An early mention should go to Stephen Brimson Lewis and Hannah Clark for their set and costume design, respectively; the tone is instantly set as you enter the theatre and see a table decked out with red roses, followed by the company in traditional dress when they make their entrance for the beginning of the play. I’m a big fan of transposing Shakespeare to the present day wherever possible, but I think this one probably works best staying within its own time period. The modern twist in this production comes in the form of video projections on the back curtain, some pre-filmed but others feature live footage – what’s particularly exciting is seeing Jack Cade & his rebels making their way into the fray from backstage via this projection. It all adds to the drama and excitement of the moment, especially when coupled with Paul Englishby’s compositions.
Director Owen Horsley has really captured the epic quality of this saga in his dynamic approach to this play; even if you know the play and/or the history, you are constantly on the edge of your seat as it explodes from scene to scene – act 4 scene 1, in particular, makes a great impression on the audience. My only minor quibble would be that, if you’re sat behind a pillar in the stalls, about 75% of the talking takes place behind those pillars – it’s only when larger groups are on the stage that you see what’s going on. You obviously don’t expect to see everything when you opt for a restricted view seat, however it’s not impossible to make everyone feel that bit more included: Rebecca Frecknall’s staging of Cabaret is a prime example (and why she had to win the Olivier). I’m not marking Rebellion down for this in any way, as I still came away from the show feeling completely exhilarated, but I think it’s worth flagging the full audience experience.
One of the many draws of this play is the appearance of Jack Cade. Far from flawless, a little bit Brexity, and more of an anti-hero than a true role model, you still can’t help but be fascinated by him. Aaron Sidwell channels his Henry V through this unlikely rebel leader, the end result an engaging (but rather less honourable) orator and man of action – you quickly feel yourself wanting to get out of your seat and join him in the revolution. Xenophobic & unenlightened though he is, I’d happily have Jack Cade around to bring down the 1% today.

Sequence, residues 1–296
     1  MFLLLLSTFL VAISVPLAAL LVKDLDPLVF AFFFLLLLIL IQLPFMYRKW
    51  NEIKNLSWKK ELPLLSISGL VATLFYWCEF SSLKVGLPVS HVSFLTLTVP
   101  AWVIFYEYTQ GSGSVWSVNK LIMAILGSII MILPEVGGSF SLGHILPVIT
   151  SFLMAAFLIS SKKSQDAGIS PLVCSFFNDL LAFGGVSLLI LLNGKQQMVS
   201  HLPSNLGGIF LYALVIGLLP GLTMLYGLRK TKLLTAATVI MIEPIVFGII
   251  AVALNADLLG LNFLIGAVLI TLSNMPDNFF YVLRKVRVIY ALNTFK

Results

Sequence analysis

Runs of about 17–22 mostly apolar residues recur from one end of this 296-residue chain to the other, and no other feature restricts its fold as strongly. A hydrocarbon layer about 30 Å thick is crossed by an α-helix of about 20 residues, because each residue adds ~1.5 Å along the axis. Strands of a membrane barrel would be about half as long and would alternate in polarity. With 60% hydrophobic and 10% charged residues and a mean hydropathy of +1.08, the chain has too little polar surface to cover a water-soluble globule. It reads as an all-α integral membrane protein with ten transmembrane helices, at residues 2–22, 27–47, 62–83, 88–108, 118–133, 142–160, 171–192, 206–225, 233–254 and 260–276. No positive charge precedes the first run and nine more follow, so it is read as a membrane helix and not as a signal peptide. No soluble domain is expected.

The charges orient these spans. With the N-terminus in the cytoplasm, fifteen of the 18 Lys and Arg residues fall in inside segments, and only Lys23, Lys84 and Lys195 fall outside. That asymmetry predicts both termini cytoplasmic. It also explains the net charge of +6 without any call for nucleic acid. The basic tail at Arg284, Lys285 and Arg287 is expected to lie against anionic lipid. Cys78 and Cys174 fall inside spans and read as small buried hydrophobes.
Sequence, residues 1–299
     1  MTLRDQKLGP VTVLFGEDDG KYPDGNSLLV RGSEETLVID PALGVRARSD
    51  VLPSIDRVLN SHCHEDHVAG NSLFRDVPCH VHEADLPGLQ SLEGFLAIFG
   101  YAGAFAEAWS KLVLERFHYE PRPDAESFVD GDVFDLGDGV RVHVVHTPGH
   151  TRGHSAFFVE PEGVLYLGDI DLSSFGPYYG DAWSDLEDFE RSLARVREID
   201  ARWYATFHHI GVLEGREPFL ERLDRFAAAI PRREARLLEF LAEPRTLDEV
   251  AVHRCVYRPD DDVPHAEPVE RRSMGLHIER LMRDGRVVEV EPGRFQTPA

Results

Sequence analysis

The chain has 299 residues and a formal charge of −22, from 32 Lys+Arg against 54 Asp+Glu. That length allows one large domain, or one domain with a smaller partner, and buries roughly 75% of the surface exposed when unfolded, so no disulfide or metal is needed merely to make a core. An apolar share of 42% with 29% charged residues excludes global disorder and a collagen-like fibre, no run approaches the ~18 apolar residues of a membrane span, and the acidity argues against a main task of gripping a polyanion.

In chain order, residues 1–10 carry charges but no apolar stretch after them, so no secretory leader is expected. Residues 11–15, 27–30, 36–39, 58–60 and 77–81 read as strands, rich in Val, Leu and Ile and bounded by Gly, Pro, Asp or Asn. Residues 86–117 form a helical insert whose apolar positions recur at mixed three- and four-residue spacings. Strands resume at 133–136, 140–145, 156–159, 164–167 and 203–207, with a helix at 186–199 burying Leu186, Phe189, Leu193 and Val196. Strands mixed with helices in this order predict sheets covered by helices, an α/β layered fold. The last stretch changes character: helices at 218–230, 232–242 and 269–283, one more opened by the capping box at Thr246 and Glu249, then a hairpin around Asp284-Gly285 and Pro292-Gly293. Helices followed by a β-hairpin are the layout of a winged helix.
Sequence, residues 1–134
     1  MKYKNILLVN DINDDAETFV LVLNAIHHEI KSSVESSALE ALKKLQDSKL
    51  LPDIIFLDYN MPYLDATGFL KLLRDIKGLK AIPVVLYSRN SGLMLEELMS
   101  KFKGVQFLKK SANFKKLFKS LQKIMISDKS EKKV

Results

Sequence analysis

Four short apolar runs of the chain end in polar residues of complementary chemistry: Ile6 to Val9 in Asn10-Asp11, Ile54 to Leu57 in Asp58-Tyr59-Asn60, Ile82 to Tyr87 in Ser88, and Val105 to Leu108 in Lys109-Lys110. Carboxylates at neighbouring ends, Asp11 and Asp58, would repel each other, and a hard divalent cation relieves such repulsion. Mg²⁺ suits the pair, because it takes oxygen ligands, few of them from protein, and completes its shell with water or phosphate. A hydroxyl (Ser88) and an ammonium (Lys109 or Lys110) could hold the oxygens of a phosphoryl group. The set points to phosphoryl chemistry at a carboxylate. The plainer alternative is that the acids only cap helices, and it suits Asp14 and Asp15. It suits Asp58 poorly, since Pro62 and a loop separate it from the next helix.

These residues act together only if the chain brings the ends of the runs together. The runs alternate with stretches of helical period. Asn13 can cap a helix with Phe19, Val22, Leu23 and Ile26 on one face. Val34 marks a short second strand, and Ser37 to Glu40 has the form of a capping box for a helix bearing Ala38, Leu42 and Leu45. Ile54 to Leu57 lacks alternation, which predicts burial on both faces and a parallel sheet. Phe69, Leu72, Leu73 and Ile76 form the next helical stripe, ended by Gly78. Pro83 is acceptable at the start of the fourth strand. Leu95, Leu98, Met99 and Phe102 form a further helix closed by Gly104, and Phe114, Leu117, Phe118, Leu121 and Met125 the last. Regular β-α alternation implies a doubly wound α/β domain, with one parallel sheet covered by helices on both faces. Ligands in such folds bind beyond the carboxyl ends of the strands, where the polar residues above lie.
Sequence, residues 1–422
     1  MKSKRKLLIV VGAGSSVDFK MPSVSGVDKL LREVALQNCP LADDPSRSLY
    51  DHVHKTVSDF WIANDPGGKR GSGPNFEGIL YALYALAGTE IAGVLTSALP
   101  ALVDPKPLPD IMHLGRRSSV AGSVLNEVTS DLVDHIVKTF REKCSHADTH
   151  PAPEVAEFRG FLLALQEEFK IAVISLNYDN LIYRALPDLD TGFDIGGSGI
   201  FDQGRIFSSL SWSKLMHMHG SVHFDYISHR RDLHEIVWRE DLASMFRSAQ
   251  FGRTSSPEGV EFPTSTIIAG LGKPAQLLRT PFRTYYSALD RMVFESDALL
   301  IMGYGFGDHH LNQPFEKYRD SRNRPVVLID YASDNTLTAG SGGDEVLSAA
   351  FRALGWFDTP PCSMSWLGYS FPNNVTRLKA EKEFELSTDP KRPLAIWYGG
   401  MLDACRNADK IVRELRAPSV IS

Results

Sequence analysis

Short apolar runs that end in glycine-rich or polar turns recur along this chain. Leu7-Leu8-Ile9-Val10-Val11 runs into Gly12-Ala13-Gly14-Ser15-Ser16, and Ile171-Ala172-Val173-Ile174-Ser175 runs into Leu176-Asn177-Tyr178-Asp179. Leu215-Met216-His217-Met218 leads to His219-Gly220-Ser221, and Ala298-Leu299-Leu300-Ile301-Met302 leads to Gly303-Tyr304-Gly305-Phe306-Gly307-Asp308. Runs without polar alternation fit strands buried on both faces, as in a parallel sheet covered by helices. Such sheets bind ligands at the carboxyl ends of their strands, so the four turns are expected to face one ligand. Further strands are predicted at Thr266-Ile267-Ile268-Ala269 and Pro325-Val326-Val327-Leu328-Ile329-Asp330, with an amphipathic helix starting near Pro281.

This play has the largest cast of Shakespeare’s canon, so I can’t possibly name-check every single person involved (especially with the added bonus of the Next Generation Act & Shakespeare Nation community programme actors boosting the numbers), but there are a few more standout performances I will mention. Lucy Benjamin’s haughty Duchess of Gloucester draws some laughter as she stomps on & off the stage, though that soon turns to sympathy as she is royally stitched up and disowned by her husband – Richard Cant, too, cuts a sad figure as the Duke has his own fall from grace. The production is led exquisitely by Minnie Gale (Margaret) and Mark Quartley (Henry VI), their performances expertly highlighting the polar opposite nature of the royal couple; Gale’s Margaret is all action and rushing around the stage, whereas Quartley’s Henry is more contemplative and willing to follow – Richard II without the preceding tyranny.
If you only have the time to catch one of the two Henry VI plays this spring, then I’d plump for this one every time. Gripping from start to finish (and that’s with a three-hour running time – including two breaks!), it’s full of unexpected twists & turns as Shakespeare tackles some of his most immediate history.
My verdict? This exhilarating production will make you wonder why Henry VI is often so overlooked, as this play truly has everything – the casting is absolutely spot-on.
Henry VI: Rebellion runs at the Royal Shakespeare Theatre until 28 May 2022. Tickets are available online.